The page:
Catholics in the Diocese of Whitehorse are asking for help after a devastating wildfire in Telegraph Creek destroyed a mission church, rectory, and many homes.
“Many people are in complete distress and broken because they are finding themselves with nothing,” said Bishop Hector Vila in a letter to Canadian bishops Aug. 8.
Lightning sparked a wildfire northwest of Telegraph Creek in northern British Columbia on Aug. 1 and a local state of emergency was declared three days later. All 300 residents of Telegraph Creek were told to evacuate Aug. 5, and they fled to Dease Lake and other nearby communities.
Bishop Vila said all residents were evacuated safely, but many structures, including homes and St. Theresa’s mission church and rectory, were consumed in the blaze. The rectory was the home of pastoral workers Joshua and Denise Grimard and their children.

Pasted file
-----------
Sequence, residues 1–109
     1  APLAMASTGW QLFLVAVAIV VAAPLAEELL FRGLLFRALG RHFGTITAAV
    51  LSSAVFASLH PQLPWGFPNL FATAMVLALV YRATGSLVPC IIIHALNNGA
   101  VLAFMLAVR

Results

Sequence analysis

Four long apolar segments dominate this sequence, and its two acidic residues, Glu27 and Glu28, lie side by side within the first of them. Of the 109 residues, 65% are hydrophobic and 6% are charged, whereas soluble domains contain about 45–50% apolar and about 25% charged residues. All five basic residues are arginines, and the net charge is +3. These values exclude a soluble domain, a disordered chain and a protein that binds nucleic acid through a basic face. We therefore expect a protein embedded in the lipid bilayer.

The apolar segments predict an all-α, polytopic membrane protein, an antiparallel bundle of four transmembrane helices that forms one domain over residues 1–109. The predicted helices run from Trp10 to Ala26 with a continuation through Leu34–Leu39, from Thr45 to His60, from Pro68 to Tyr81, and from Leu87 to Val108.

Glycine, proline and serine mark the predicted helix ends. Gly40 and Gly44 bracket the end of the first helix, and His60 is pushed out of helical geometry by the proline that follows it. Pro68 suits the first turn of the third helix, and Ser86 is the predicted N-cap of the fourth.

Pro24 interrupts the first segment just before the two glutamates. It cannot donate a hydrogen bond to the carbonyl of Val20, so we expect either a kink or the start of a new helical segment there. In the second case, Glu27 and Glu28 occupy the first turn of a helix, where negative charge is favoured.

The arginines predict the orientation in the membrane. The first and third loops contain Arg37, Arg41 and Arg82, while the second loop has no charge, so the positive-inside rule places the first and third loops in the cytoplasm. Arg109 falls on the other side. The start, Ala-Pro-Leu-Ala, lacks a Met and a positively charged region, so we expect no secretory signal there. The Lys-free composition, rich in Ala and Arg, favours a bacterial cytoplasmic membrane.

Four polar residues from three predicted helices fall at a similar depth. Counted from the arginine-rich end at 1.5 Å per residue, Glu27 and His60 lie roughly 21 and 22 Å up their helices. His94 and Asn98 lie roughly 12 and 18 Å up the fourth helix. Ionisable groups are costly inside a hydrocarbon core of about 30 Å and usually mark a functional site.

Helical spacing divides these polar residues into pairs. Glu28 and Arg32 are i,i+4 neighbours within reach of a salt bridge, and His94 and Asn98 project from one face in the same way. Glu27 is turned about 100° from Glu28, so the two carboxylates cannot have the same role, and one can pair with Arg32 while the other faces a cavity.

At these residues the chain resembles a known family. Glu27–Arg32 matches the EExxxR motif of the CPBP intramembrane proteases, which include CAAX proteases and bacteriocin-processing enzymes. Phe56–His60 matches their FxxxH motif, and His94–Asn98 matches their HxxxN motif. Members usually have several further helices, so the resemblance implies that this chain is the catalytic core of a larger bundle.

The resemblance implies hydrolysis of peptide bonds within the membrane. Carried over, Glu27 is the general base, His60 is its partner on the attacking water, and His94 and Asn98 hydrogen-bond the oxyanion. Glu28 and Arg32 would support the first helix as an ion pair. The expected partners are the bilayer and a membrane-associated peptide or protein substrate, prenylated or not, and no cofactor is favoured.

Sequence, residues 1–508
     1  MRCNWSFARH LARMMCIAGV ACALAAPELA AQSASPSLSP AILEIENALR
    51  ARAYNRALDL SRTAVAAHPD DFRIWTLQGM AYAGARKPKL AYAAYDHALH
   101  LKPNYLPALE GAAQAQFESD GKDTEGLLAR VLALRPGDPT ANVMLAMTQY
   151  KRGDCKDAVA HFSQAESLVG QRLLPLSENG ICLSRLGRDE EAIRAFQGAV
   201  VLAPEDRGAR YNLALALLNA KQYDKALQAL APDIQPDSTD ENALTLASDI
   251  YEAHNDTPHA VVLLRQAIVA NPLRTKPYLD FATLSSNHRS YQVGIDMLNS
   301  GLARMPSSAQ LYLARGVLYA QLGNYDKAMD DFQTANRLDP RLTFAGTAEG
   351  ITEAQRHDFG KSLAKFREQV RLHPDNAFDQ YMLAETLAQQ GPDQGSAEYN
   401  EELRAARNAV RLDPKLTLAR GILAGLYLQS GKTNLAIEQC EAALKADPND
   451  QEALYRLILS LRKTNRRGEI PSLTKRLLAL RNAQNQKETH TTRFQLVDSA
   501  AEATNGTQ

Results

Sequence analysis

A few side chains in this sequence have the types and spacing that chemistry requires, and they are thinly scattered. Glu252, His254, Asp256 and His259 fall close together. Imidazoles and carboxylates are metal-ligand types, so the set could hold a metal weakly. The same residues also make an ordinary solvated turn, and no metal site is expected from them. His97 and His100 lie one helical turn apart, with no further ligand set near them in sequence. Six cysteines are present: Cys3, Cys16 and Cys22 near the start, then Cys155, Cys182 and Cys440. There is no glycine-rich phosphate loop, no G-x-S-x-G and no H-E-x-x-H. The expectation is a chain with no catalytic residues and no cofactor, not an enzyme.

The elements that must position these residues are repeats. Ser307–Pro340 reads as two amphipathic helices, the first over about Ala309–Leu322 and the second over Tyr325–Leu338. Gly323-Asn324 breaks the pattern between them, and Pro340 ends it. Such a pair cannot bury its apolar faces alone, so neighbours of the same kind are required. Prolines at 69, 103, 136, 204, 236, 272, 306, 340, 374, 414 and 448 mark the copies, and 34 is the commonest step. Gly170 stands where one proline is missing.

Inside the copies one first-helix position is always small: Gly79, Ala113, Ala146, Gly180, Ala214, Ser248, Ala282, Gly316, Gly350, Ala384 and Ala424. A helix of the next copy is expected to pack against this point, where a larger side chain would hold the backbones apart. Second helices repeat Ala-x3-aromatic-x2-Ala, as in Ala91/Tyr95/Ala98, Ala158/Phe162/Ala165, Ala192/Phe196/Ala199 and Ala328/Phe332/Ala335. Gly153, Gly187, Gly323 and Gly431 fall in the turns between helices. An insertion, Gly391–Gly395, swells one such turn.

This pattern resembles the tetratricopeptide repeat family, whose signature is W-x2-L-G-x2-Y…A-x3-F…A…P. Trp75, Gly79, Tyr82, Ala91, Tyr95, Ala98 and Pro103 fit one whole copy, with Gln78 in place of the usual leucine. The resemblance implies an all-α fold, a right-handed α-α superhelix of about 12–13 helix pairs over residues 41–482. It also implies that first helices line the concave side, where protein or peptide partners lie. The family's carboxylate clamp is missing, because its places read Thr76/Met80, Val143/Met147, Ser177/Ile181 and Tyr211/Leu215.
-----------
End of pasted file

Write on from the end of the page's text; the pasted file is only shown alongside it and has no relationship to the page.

“At the moment, the impact of the wildfire and the future of the community of Telegraph Creek is still unknown.”
Bishop Vila is asking for prayers for those who are suffering the loss of their homes and belongings, as well as for firefighters, first responders, and volunteers.
The Diocese of Whitehorse is also asking for online donations to their Canada Helps webpage and for material donations to be dropped off at Sacred Heart Cathedral in Whitehorse.
Archbishop Luigi Bonazzi, the Pope’s representative in Canada, said he is offering his prayers and a blessing for the small, devastated community.
“I am both deeply saddened by the stress and hardship hurting the people of Telegraph Creek, and encouraged by the spirit of solid solidarity of Dease Lake residents receiving them and by the good number of volunteers who from different places of your diocese are moving to Dease Lake to provide help and pastoral ministry,” he said in a letter to Bishop Vila.
“I would like to assure you of the fraternal proximity of Pope Francis to the people of Telegraph Creek affected by this present calamity, and to those who are in any way helping them, kindly asking you to transmit to them his comforting Apostolic Blessing.”
By the afternoon of Aug. 10, the B.C. Wildfire Service said the active blaze had merged with the South Stikine River fire and was an estimated 30,000 hectares in size. A total of 136 firefighters, 12 helicopters, and 20 heavy equipment units were fighting it.